The Will to Win Means Nothing Without the Will to Prepare
-Juma Ikangaa, Tanzanian winner of the NYC Marathon in 1989 running 2:08-
The Will to Eat Healthy Means Nothing Without the Will to Prepare
-The Healthy Librarian-
Every class is like an adventure to a foreign land, a climb up Mount Everest with Sir Edmund Hillary, a race across the Antarctic with Roald Amundsen, or an historic NYC Marathon. That's how I found out about Juma Ikangaa. His words carry weight and apply to just about everything.
If you want to be healthy, fit, or strong, it's all about the preparation. And when it comes to eating healthy, it's all about the preparation. And as we all know--it takes a lot of time.
- Time to plan the week's meals
- Time to shop for fresh ingredients
- Time to cook the meals.
- Green Smoothies for breakfast--portable--can be made ahead. I add a Larabar if I'm still hungry.
- Hearty Soups like Obama's Kenyan Vegetable Peanut Soup & raw veggies or fruit for lunch.
- Big salads & one bowl suppers like Veganomicon's Quinoa Salad with Black Beans & Mango, or Rice Salad with Roasted Red Peppers, Chick Peas & Feta Cheese.
I used to be a-cereal-for-breakfast & a-sandwich-for-lunch girl. I still do eat those sometimes--but when you look at how much more nutrition you can pack into a SMOOTHIE-SOUP-SALAD-SINGLE-BOWL-SUPPER, compared to cereal & a sandwich---well there's just no comparison. SSSSBS takes the nutrition prize hands down.
- On December 12, 2008 over at the NYT Well Blog, there was an article on the Best Blogs for Foodies.
- You should definitely check out the recommendations. My personal favorite was for a decidedly not-so-healthy one called: The Smitten Kitchen. The photography is mouth-watering & I hear that all the recipes are winners.
- I picked out two that looked fairly healthy with a few tweaks here & there, and since I never post a recipe without first trying them out, I just had to whip these up. One was for Black Bean Pumpkin Soup, and the other was for Peanut Sesame Noodles. Both fit perfectly into my Soup & Single Dish Supper menus.
- My husband, who is probably too easy to please, loved them both. It's finally dawning on me that he keeps saying this so I'll keep on cooking.
- I took the soup to work and taste-tested it on 3 different age & ethnic groups. Everyone gave it a big thumbs up---but the 20 year old I'm sure was just being polite. Black Bean Pumpkin Soup isn't exactly her typical fare.
- And as for me--I liked them both a lot--and will definitely add them to the cooking rotation.
Black Bean Pumpkin Soup
Gourmet, November 1996
Yield: 9 cups (8 servings of 1.125 cups)
Three 15 1/2 ounce cans black beans (about 4 1/2 cups), rinsed and drained
1 cup drained canned tomatoes, chopped
1 1/4 cups chopped onion
1/2 cup minced shallot
4 garlic cloves minced
1 tablespoon plus 2 teaspoons ground cumin
1 teaspoon salt
1/2 teaspoon freshly ground black pepper
1/2 stick (1/4 cup) unsalted butter (I substituted 1/4 cup of canola oil)
4 cups beef broth (I substituted 4 cups of Imagine Organic No-Chicken Broth-vegetarian)
a 16-ounce can pumpkin puree (about 1 1/2 cups)
1/2 cup dry Sherry
1/2 pound cooked ham, cut into 1/8-inch dice (I substituted 6 slices of browned-up Tempeh Fakin Bacon, but SoyBoy Smoked Tofu would work fine--or it would taste great without any add-ins)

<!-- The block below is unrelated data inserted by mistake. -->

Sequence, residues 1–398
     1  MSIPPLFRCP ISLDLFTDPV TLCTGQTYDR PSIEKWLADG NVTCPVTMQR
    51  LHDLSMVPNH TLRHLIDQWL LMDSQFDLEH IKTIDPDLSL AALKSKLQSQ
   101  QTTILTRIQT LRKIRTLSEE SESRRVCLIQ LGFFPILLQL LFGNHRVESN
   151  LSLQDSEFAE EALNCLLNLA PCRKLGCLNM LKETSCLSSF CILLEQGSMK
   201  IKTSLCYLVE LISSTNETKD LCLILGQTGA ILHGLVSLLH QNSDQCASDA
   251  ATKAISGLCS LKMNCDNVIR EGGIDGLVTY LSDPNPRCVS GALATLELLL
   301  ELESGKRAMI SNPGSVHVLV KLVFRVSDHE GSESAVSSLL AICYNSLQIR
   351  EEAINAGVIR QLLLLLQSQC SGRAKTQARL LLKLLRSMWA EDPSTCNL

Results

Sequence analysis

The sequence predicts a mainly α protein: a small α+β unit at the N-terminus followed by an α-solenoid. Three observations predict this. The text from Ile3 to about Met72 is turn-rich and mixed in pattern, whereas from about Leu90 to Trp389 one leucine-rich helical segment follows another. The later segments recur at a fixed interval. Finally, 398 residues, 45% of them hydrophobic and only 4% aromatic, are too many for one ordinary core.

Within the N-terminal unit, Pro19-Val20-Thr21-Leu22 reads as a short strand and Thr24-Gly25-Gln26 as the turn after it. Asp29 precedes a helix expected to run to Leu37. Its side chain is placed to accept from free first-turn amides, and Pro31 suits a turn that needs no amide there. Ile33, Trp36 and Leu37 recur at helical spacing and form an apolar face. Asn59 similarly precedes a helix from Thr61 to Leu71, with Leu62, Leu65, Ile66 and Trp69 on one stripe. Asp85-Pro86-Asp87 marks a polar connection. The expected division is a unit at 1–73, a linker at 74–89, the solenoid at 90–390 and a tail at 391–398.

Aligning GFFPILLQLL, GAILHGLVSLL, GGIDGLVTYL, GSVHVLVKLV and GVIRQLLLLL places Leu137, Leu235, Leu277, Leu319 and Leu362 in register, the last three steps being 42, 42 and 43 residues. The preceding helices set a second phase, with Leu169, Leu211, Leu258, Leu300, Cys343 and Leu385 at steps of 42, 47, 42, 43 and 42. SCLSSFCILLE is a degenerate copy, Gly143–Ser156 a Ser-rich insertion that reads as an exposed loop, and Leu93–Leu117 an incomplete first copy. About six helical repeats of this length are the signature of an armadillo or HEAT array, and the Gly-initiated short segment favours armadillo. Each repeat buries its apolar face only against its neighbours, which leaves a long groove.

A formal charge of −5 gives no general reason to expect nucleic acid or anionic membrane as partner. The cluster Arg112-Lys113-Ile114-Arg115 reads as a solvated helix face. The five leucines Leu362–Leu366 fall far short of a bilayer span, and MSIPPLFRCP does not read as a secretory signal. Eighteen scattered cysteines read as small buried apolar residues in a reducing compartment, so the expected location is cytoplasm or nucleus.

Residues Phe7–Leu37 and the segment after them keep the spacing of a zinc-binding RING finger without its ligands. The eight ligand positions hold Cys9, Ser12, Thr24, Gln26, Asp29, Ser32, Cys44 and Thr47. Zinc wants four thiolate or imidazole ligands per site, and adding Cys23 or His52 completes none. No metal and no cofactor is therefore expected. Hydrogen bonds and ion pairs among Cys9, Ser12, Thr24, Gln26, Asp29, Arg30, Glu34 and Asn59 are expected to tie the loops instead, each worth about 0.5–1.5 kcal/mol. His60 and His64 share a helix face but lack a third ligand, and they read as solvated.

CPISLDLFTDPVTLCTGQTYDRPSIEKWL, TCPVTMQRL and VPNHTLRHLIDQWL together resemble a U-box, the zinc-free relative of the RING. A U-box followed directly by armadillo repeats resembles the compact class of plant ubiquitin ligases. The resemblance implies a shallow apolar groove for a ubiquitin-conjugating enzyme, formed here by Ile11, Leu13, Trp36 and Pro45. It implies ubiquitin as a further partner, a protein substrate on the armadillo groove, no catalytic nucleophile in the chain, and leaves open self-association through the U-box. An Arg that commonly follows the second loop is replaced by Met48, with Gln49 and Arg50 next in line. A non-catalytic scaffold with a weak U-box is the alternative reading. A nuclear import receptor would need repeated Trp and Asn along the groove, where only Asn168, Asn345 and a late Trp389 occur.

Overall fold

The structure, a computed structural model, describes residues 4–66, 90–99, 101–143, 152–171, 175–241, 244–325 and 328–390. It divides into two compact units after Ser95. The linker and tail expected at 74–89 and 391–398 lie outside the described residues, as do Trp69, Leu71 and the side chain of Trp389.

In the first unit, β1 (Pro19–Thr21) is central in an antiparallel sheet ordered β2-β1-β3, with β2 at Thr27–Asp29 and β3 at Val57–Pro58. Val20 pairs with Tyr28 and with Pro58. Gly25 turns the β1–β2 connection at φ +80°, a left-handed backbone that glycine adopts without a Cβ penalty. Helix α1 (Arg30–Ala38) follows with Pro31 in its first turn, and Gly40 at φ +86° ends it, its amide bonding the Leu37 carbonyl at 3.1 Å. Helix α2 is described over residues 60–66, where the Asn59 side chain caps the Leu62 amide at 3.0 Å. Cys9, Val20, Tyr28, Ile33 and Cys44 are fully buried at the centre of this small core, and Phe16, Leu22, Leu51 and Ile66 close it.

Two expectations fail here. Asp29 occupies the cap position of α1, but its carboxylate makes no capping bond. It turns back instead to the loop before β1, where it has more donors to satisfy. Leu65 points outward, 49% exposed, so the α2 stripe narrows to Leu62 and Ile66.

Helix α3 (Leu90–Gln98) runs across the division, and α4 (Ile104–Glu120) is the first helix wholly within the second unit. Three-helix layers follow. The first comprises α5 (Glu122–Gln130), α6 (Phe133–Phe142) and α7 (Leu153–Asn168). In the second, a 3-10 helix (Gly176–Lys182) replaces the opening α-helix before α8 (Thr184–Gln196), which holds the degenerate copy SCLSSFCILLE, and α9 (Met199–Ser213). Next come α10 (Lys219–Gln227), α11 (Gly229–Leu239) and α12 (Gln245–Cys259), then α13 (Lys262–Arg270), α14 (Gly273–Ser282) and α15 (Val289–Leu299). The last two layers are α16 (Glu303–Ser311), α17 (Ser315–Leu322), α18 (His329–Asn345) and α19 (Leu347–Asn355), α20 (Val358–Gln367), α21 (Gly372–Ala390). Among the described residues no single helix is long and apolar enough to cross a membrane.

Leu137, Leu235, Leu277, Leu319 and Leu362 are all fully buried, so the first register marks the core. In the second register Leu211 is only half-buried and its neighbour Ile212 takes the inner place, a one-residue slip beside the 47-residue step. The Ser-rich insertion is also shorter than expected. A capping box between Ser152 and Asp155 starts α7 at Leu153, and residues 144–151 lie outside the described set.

3 to 4 tablespoons Sherry vinegar (I used 3 tbs)
Garnish: sour cream and coarsely chopped lightly toasted pumpkin seeds (I left out both of these)
In a food processor coarsely puree beans and tomatoes.
In a 6-quart heavy kettle cook onion, shallot, garlic, cumin, salt, and pepper in (Canola oil) butter over moderate heat, stirring, until onion is softened and beginning to brown. Stir in bean puree. Stir in broth, pumpkin, and Sherry until combined and simmer, uncovered, stirring occasionally, 25 minutes, or until thick enough to coat the back of a spoon.
Just before serving, add ham (tempeh, tofu or nothing) and vinegar and simmer soup, stirring, until heated through. Season soup with salt and pepper.
Serve soup garnished (or not) with sour cream and toasted pumpkin seeds.
Peanut Sesame Noodles
Adapted from Gourmet, June 2002
Servings: Makes 6 side-dish or 4 vegetarian main-course servings. (With a salad this made 8 main-course servings)
For peanut dressing
1/2 cup smooth peanut butter (all natural)
1/4 cup soy sauce
1/3 cup warm water
1 tablespoon chopped peeled fresh ginger
1 medium garlic clove, chopped
2 tablespoons rice vinegar
1 1/2 tablespoons Asian toasted sesame oil
1 tablespoon honey
1 teaspoon dried hot red pepper flakes or a splash of the hot sauce or chili paste of your choice
3/4 lb dried soba nooodles (dried linguine fini or spaghetti will work in a pinch) (I recommend using Eden brand 100% whole Buckwheat Soba noodles--better taste & more nutritious)
4 scallions, thinly sliced
1 red bell pepper, cut into 1/8-inch-thick strips
1 yellow bell pepper, cut into 1/8-inch-thick strips
Half a seedless cucumber, thinly sliced
1 cup firm or extra-firm tofu, cubed (I used SoyBoy Tofu Lin--an Asian flavor)
3 tablespoons sesame seeds, toasted (I didn't bother with these)
Puree dressing ingredients in a blender until smooth, about 2 minutes, then transfer to a large bowl.
Cook pasta in a 6- to 8-quart pot of boiling salted water until tender. Drain in a colander, then rinse well under cold water. (Soba noodles tend to clump while cooking, so be sure to separate them well while they boil)
Add pasta, scallions, bell peppers, cucumber and tofu to dressing, tossing to combine. Garnish with toasted sesame seeds and serve immediately.
I would rate this one fast, easy & delicious!